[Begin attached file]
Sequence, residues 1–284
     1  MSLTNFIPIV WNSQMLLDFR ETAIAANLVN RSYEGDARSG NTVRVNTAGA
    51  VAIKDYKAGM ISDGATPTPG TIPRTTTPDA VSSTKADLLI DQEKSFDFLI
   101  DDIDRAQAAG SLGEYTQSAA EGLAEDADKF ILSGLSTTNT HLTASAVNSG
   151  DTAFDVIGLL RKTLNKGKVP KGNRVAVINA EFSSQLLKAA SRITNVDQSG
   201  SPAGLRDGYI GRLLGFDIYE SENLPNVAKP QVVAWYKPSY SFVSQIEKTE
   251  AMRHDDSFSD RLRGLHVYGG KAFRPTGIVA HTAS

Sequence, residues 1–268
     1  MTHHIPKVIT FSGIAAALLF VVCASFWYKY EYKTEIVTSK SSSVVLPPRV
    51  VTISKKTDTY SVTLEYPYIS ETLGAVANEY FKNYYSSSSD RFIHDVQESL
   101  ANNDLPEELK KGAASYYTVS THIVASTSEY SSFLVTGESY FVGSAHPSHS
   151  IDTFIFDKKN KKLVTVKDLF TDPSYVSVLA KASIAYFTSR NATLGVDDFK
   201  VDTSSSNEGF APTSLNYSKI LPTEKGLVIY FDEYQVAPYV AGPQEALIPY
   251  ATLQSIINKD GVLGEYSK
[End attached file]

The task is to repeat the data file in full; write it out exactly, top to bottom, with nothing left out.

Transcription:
Sequence, residues 1–284
     1  MSLTNFIPIV WNSQMLLDFR ETAIAANLVN RSYEGDARSG NTVRVNTAGA
    51  VAIKDYKAGM ISDGATPTPG TIPRTTTPDA VSSTKADLLI DQEKSFDFLI
   101  DDIDRAQAAG SLGEYTQSAA EGLAEDADKF ILSGLSTTNT HLTASAVNSG
   151  DTAFDVIGLL RKTLNKGKVP KGNRVAVINA EFSSQLLKAA SRITNVDQSG
   201  SPAGLRDGYI GRLLGFDIYE SENLPNVAKP QVVAWYKPSY SFVSQIEKTE
   251  AMRHDDSFSD RLRGLHVYGG KAFRPTGIVA HTAS

Sequence, residues 1–268
     1  MTHHIPKVIT FSGIAAALLF VVCASFWYKY EYKTEIVTSK SSSVVLPPRV
    51  VTISKKTDTY SVTLEYPYIS ETLGAVANEY FKNYYSSSSD RFIHDVQESL
   101  ANNDLPEELK KGAASYYTVS THIVASTSEY SSFLVTGESY FVGSAHPSHS
   151  IDTFIFDKKN KKLVTVKDLF TDPSYVSVLA KASIAYFTSR NATLGVDDFK
   201  VDTSSSNEGF APTSLNYSKI LPTEKGLVIY FDEYQVAPYV AGPQEALIPY
   251  ATLQSIINKD GVLGEYSK